The Forest Service seems not to have grasped this. Early planning documents asserted the roadbed “would return to baseline” within a few years of the project’s completion. This claim makes no sense. What baseline do they mean? Can the agency compel the mountain to erupt again and create the same unique landscape?

More than that, the Forest Service has not dealt with the public forthrightly throughout the planning process. Notice of the project, which the agency had been developing for several months, was made to the public right before the holidays, and then relevant staff went on vacation. The public comment period was also kept as short as possible. (Even so, the vast majority of commenters opposed the project.) In presentations and news releases, officials have beat the drum of imminent catastrophe. But while risk to towns downriver is significant, the data show it is also remote. The agency has done its best to make an event that is statistically unlikely sound inevitable.

It was in part for these reasons that the Western Environmental Law Center sued the agency in federal court in Tacoma, seeking to block the project in its current form. Joining it is a suite of environmental groups — the Cascade Forest Conservancy, Great Old Broads for Wilderness and others — and scientists from area universities who study Mount St. Helens. In its eagerness for a road, this coalition alleges, the Forest Service has minimized or ignored the full scope of its consequences, running afoul of environmental law.

No one disputes that the Forest Service must manage Spirit Lake with the safety of Toutle, Castle Rock and other towns in mind. But the road as conceived is shortsighted in the extreme. The Forest Service needs to consider other ways to move equipment and workers that would be less harmful both to the land and the research it supports. Perhaps the project would take longer, but contrary to the agency’s claims, time is not of the essence here. What is most important is to make sure the work is done right, better balancing dual mandates of public safety and research.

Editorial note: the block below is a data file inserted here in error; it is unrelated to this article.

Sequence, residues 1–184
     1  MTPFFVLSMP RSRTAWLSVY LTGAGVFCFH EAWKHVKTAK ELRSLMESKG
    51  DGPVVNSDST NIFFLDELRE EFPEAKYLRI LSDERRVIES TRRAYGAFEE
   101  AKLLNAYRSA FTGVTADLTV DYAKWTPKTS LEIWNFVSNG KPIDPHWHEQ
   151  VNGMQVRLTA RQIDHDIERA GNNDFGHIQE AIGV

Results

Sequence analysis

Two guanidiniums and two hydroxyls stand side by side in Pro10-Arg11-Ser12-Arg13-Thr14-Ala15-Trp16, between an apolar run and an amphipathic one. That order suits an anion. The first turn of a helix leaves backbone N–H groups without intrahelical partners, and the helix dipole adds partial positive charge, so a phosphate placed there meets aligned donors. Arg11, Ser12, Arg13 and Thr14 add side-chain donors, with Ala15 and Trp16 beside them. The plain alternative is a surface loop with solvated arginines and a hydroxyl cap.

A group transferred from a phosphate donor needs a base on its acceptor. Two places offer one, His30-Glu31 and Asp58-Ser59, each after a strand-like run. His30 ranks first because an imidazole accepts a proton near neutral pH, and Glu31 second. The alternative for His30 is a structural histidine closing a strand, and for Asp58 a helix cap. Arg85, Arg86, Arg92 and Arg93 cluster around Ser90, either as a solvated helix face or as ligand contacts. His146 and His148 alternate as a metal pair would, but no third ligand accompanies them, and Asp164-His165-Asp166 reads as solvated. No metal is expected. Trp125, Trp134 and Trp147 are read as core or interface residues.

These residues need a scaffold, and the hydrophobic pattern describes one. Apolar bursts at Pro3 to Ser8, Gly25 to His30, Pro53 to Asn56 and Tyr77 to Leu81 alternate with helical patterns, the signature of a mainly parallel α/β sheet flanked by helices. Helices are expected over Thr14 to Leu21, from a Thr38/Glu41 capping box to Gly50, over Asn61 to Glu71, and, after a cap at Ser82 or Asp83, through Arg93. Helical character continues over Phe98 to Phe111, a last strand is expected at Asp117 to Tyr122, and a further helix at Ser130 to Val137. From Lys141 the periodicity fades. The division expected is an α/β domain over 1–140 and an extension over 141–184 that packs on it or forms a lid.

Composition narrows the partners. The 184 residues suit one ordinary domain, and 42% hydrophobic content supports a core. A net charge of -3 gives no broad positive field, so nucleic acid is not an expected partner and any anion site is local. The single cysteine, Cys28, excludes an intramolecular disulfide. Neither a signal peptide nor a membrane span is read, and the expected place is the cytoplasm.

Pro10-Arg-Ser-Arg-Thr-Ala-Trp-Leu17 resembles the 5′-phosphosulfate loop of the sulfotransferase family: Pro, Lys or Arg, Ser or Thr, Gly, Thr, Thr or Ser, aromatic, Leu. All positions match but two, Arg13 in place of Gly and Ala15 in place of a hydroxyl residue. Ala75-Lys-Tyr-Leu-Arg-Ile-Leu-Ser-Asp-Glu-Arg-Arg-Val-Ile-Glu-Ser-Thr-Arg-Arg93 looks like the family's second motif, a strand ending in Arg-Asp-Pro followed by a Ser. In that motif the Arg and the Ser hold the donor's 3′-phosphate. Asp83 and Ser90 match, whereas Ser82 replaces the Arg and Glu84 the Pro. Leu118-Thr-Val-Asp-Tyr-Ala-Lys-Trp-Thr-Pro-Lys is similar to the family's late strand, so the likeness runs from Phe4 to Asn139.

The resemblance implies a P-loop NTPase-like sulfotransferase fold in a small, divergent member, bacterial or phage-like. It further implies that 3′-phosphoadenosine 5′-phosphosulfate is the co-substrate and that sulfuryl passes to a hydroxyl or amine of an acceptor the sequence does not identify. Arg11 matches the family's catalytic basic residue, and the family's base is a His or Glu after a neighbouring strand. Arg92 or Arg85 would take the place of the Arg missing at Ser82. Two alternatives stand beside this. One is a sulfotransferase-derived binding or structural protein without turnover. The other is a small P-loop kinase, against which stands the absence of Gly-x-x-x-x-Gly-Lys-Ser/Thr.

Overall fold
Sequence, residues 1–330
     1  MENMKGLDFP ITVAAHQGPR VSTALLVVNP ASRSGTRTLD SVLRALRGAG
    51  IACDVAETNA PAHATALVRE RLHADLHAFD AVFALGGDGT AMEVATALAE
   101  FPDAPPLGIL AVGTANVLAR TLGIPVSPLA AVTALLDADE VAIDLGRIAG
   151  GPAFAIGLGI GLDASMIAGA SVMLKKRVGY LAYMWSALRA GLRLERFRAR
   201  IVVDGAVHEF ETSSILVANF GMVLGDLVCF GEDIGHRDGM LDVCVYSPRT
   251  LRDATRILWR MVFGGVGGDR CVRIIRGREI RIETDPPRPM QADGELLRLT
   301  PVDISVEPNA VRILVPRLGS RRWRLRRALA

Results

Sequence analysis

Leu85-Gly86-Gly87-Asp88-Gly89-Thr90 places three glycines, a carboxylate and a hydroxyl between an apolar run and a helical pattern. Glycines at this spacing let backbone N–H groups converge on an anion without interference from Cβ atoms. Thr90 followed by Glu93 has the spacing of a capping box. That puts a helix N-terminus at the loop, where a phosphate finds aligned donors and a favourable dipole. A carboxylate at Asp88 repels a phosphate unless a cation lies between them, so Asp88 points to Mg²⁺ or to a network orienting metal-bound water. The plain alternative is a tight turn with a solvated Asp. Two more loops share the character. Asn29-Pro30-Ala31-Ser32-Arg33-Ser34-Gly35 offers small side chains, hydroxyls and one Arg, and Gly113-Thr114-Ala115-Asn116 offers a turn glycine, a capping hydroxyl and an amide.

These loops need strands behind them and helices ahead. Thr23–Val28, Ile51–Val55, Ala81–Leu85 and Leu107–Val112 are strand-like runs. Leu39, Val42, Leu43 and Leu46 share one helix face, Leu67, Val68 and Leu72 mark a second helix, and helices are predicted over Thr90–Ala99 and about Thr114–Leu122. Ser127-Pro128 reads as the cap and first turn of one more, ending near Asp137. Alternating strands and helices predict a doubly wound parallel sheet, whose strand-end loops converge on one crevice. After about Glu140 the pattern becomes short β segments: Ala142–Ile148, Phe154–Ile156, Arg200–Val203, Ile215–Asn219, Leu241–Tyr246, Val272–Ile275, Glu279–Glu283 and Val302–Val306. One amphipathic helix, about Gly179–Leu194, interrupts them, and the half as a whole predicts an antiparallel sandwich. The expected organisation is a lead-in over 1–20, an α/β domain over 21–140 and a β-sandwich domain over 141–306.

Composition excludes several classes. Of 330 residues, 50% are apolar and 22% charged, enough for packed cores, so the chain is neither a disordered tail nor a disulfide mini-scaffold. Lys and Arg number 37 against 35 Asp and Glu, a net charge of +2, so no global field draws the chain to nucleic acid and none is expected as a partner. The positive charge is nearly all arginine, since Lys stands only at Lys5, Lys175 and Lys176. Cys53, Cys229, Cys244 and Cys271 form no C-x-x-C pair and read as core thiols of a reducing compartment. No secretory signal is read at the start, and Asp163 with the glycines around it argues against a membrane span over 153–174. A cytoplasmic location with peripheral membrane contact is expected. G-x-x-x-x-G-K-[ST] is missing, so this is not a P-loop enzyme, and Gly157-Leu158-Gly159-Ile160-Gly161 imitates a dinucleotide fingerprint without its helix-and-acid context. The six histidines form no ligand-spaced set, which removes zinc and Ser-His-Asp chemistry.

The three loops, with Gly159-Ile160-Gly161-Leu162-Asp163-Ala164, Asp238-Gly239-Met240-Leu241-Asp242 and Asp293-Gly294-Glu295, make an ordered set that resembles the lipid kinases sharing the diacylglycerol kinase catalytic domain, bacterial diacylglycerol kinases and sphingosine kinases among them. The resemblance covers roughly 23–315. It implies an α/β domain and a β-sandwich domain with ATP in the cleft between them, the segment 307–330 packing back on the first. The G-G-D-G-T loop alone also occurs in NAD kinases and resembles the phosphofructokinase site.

Research, after all, is central to the monument. Congress created it in 1982 to serve as a place for “geologic forces and ecological succession to continue substantially unimpeded.” In this the Pumice Plain has a distinguished scientific lineage. The research program at Mount St. Helens is a model for long-term projects all over the world. Studies here changed how ecologists think about the ways plants and animals respond to massive disturbance. It informed forest management throughout the region. Younger scientists are continuing that work, promising new insights.

Since the 1980 eruption, Mount St. Helens has become famous for the innovative and creative thought it inspires. Where some saw a lifeless wasteland, others saw a singular opportunity to watch and celebrate all the surprising ways life comes back after seeming total devastation. The Forest Service supported those efforts then. At that first plot around the original lupine, the agency even put up a commemorative sign. In front of it lies Spirit Lake. Behind it looms the mountain. Around it, flowers and grasses dance in the wind. Its text is hard to read after years of exposure to rain, sun and snow, but if you squint you can make out a couple of lines at the top, appealing to those passing by:  

Do Not Disturb PLEASE